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Gear Review: MSR Zoic 2 Backpacking Tent

Gear Review: MSR Zoic 2 Backpacking Tent

Backpacking Tent
MSR Zoic 2
$350, 4 lbs. 6 oz.
moosejaw.com

Everyone wants ultralight backpacking gear—but not everyone wants to live with the sacrifices inherent to ultralight gear. While few pieces of gear can produce as much reduction in the weight of your gear kit as switching from a standard to an ultralight tent, you’ll also notice the tradeoffs in a tent more than with almost any other ultralight gear. With MSR’s new Zoic 2, backpackers get the comfort of a tent with good space, along with superior ventilation and good stability, weather performance, and durability.

I tested the Zoic 2 with a couple friends (alternating in it) on a 90-mile hike through Glacier National Park in September, and I shared it with my wife on a four-day family backpacking trip in August in Idaho’s Sawtooth Mountains.

 

The MSR Zoic 2 tent interior.

The MSR Zoic 2 tent in Glacier National Park.

A traditional freestanding, double-wall, two-door tent that pitches using crossing hubbed poles common in many backpacking tents, the Zoic goes up intuitively within a few minutes. A short “eyebrow” pole over the crown elevates the ceiling above both doors, creating more headroom and vertical side walls, overhung by the rainfly, that prevent rain from dripping inside when you enter and exit the tent. That pole geometry, with strong but lightweight 7000-series aluminum poles, creates a shelter that can withstand the kind of wind and weather most three-season backpackers encounter in the mountains: It demonstrated during windy evenings in Glacier and the Sawtooths that it holds up as well as most tents of comparable weight and design.

 

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The Zoic’s measurements speak to its livability: Its 33 square feet of interior space exceeds what you’ll find in many two-person backpacking tents (especially freestanding models) of comparable weight, while the 88-inch length and 39-inch peak height are both very good but not unusual in this weight category. But also unusual in this category, the tent’s width accommodates two 25-inch-wide air mattresses; many backcountry tents are only slightly wider than two standard, 20-inch-wide air mats. Two friends—one five feet, 10 inches, the other six feet tall—who alternated sharing it in Glacier both raved about its interior space.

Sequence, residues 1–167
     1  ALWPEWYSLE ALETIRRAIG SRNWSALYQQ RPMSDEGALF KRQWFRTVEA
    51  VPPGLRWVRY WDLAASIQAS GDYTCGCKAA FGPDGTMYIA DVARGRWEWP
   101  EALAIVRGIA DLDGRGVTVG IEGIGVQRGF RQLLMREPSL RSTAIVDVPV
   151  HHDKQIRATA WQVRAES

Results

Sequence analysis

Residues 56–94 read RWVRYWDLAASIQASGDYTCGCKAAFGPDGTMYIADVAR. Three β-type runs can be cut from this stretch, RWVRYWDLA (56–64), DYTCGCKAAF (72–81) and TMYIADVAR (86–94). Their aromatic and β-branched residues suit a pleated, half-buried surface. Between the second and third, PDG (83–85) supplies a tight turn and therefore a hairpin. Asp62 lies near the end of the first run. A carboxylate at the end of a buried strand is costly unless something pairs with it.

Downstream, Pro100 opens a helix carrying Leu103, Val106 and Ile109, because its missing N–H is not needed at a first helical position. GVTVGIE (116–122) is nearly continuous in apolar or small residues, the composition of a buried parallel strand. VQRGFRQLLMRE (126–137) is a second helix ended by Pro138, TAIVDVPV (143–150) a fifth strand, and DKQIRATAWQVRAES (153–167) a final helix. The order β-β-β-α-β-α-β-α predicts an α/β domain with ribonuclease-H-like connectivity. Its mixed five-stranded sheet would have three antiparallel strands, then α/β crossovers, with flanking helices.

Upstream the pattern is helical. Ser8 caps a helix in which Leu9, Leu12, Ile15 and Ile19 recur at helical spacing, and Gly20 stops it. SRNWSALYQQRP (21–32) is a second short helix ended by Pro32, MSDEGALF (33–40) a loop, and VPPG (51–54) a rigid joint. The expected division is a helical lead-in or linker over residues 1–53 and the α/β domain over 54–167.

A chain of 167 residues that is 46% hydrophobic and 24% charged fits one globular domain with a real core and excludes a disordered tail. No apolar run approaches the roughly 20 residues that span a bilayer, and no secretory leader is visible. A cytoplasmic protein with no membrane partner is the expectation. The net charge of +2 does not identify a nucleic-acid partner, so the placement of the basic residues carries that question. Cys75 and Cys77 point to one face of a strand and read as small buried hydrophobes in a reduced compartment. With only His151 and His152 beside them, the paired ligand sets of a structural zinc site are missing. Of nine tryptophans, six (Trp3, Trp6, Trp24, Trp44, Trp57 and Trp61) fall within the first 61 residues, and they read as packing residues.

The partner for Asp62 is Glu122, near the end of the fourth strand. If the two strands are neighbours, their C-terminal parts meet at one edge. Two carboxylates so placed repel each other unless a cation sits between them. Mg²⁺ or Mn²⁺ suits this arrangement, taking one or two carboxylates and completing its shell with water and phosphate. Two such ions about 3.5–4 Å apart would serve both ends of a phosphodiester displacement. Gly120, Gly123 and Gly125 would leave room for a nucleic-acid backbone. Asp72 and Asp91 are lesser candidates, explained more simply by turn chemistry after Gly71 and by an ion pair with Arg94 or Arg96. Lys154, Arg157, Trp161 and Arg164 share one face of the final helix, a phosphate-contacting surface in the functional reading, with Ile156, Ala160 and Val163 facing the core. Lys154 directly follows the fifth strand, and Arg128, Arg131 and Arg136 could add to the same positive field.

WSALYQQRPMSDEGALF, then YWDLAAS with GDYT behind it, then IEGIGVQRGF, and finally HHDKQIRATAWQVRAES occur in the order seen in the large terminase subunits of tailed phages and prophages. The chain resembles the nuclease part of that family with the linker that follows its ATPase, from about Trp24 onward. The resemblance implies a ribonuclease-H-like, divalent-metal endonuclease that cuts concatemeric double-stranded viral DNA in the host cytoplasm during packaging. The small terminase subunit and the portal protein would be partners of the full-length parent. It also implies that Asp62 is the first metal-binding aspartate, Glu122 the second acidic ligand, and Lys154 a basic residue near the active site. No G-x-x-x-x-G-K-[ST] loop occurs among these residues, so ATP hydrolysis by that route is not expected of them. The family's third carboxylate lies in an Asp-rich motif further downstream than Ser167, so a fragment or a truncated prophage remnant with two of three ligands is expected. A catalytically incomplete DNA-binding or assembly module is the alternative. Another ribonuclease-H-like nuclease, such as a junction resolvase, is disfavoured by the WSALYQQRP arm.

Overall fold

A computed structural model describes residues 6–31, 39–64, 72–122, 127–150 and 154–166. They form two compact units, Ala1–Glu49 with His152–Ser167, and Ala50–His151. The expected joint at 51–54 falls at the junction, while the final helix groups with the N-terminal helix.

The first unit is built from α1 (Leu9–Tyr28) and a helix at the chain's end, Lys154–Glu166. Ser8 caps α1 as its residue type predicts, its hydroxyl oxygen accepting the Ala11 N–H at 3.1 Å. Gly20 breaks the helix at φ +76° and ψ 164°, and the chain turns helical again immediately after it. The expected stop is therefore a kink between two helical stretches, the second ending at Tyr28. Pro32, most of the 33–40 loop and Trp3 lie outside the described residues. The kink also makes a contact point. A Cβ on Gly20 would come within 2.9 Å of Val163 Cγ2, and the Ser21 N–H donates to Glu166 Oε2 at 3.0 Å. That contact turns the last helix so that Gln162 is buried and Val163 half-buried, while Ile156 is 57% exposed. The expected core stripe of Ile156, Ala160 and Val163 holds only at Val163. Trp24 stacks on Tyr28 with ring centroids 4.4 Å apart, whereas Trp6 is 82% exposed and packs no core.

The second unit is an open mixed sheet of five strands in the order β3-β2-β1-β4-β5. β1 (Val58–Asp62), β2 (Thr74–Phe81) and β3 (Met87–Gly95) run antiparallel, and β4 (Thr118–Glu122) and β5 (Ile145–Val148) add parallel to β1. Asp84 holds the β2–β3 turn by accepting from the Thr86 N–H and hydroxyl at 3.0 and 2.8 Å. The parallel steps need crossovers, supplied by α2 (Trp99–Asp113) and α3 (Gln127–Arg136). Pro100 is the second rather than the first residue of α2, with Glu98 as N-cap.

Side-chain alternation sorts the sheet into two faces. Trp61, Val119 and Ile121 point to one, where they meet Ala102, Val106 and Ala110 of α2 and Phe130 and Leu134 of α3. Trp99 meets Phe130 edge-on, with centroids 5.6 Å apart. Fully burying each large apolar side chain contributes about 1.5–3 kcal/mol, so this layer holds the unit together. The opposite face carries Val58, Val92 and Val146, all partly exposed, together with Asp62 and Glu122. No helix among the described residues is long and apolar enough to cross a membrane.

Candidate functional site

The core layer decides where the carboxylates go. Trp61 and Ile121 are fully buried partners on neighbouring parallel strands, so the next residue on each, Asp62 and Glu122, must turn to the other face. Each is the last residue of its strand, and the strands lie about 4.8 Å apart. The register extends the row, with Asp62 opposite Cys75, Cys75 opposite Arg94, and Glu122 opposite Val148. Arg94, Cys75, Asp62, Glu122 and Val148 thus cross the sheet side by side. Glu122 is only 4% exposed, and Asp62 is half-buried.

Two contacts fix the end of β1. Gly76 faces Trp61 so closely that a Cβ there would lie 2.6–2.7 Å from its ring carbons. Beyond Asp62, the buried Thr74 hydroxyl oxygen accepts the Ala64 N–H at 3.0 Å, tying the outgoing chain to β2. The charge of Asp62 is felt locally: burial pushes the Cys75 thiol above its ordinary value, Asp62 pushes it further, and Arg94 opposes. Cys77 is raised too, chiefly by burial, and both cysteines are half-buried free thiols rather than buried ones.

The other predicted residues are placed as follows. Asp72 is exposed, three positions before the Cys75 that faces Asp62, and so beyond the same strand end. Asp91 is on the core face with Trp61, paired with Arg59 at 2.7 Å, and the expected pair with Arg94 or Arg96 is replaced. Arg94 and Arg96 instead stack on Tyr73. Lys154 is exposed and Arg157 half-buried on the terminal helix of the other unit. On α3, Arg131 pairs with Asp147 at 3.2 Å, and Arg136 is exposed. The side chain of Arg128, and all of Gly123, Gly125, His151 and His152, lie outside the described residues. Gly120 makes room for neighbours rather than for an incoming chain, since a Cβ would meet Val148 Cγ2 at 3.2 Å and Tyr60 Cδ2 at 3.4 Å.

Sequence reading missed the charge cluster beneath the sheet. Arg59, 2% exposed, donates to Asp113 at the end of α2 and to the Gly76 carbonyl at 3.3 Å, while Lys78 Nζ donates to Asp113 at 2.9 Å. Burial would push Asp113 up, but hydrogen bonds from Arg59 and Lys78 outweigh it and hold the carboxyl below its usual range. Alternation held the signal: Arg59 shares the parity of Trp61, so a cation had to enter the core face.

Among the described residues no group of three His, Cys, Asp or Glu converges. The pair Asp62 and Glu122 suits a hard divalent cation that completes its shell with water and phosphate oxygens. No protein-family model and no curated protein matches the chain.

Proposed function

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The MSR Zoic 2 vestibule.

The MSR Zoic 2 vestibule.

Two opposing doors, common in backpacking tents, greatly enhance livability and ventilation—I wouldn’t recommend a backcountry tent without two doors except in ultralight models whose weight and other design advantages justify the inconvenience of a single door. The 18 square feet of total storage space in the two vestibules, also not uncommon in tents in this category, is definitely roomy enough for packs, boots, and wet stuff.

With 15-denier nylon micromesh throughout the interior canopy—except for solid nylon around the base of the walls, which helps keep out blowing sand or splashing water and mud during heavy rain—the Zoic 2 ventilates exceptionally well on mild nights and collected virtually no condensation under the rainfly after a calm night in the high 30s Fahrenheit with two of us inside (and both vestibule doors open) in Glacier.

 

While that overhead mesh is susceptible to tears if you’re not careful, the 70-denier taffeta nylon floor is tough, and has a 3000mm Xtreme Shield polyurethane treatment—that’s a waterproof coating that lasts up to three times longer than standard coatings, according to MSR—and watertight seams with a DWR (durable, water-repellant treatment).

The 40-denier rainfly rolls up easily to expose half the tent ceiling to the night sky for stargazing and warm, dry nights, while having it in place lets you quickly unfurl it again if rain comes during the night. The packed size of 21×5 inches is certainly much bulkier than ultralight tents, but no more or less bulky than tents of comparable weight.